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Woman with tinnitus depressed on her couch.

It’s a chicken-or-egg situation. You have a ringing in your ears. And you’re feeling down about it. Or, it’s possible you were feeling somewhat depressed before the ringing started. Which one came first is simply not clear.

That’s exactly what researchers are trying to find out regarding the connection between depression and tinnitus. It’s rather well established that there is a link between tinnitus and depressive disorders. Study after study has borne out the notion that one often accompanies the other. But the cause-and-effect relationship is, well, more challenging to discern.

Does Depression Cause Tinnitus?

One study, published in the Journal of Affective Disorders appears to say that a precursor to tinnitus might be depression. Or, to put it a different way: They discovered that you can at times identify a problem with depression before tinnitus becomes apparent. Consequently, it’s possible that we simply observe the depression first. In the publication of their study, the researchers indicate that anybody who goes through a screening for depression might also want to be checked for tinnitus.

Shared pathopsychology might be at the root of both disorders and the two are commonly “comorbid”. Which is just a fancy way of saying that depression and tinnitus might have some common causes, and that’s the reason why they appear together so frequently.

But in order to identify what the common cause is, more research will be required. Because, in certain cases, it may be possible that depression is actually caused by tinnitus; and in other cases, the reverse is true or they happen concurrently for different reasons. We can’t, at this point, have much confidence in any one theory because we just don’t know enough about what the link is.

Will I Experience Depression if I Suffer From Tinnitus?

In part, cause and effect is hard to understand because major depressive conditions can develop for a wide variety of reasons. Tinnitus can also occur for many reasons. Tinnitus usually will cause a ringing or buzzing in your ears. Occasionally with tinnitus, you may hear other sounds such as a thumping or beating. Usually, chronic tinnitus, the type that doesn’t go away after a short period of time, is the result of noise damage over a long period of time.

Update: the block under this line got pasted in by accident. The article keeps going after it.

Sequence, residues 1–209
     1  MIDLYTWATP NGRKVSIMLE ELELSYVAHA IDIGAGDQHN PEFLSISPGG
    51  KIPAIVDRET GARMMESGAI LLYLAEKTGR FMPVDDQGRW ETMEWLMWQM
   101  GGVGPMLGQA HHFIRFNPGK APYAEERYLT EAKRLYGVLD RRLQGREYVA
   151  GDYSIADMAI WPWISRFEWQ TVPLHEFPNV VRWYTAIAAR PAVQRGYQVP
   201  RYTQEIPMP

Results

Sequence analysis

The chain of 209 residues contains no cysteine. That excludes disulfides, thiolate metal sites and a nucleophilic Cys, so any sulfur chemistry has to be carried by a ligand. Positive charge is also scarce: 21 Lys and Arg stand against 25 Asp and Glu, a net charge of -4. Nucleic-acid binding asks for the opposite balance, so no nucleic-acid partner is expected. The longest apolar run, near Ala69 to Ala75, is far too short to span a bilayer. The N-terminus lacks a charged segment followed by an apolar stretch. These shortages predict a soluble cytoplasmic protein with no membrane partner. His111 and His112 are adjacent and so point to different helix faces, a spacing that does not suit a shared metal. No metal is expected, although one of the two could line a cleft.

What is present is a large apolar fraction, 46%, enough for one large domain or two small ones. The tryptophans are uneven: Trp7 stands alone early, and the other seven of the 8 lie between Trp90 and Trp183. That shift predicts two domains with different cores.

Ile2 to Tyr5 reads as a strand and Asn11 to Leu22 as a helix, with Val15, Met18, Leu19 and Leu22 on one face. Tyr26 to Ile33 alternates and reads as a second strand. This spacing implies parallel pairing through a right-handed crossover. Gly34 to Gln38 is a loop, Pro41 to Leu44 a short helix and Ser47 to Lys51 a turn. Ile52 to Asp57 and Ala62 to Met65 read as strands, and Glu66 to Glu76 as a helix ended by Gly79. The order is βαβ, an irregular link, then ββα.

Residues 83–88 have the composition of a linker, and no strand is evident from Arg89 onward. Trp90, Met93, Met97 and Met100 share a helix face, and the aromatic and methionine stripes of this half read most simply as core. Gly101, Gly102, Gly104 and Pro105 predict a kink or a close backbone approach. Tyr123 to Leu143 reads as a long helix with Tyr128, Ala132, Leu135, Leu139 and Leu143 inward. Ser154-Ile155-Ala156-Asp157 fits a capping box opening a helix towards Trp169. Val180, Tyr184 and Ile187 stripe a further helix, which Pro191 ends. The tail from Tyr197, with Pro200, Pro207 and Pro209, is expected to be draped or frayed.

But there can be more serious causes for chronic tinnitus. Traumatic brain injuries, as an example, have been known to cause long lasting ringing in the ears. And in some cases, tinnitus can even develop for no perceptible reason at all.

So will you develop depression if you have chronic tinnitus? The wide variety of causes behind tinnitus can make that tough to predict. But what seems pretty clear is that if you don’t treat your tinnitus, your risks may increase. The following reasons may help sort it out:

  • The ringing and buzzing can make social communication more difficult, which can cause you to socially isolate yourself.
  • It can be a challenge to do things you like, like reading when you suffer from tinnitus.
  • The noises of the tinnitus, and the fact that it doesn’t go away on its own, can be a challenging and frustrating experience for some.

Dealing With Your Tinnitus

Fortunately, the comorbidity of tinnitus and depression teaches us that we might be able to get respite from one by managing the other. You can lessen your symptoms and stay centered on the positive aspects of your life by dealing with your tinnitus utilizing treatments including cognitive-behavioral therapy (helping you ignore the sounds) or masking devices (created to drown out the noise).

To put it another way, treatment can help your tinnitus fade to the background. Meaning that you’ll be capable of keeping up more easily with social situations. You won’t miss out on your favorite music or have a difficult time following your favorite TV show. And you’ll see very little interruption to your life.

That won’t stop depression in all cases. But treating tinnitus can help according to research.

Don’t Forget, It’s Still Unclear What The Cause And Effect is

Medical professionals are becoming more serious about keeping your hearing healthy due to this.

At this stage, we’re still in a chicken and egg scenario with regards to depression and tinnitus, but we’re pretty certain that the two are linked. Whichever one began first, treating tinnitus can have a significant positive effect. And that’s the crucial takeaway.

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The site information is for educational and informational purposes only and does not constitute medical advice. To receive personalized advice or treatment, schedule an appointment.
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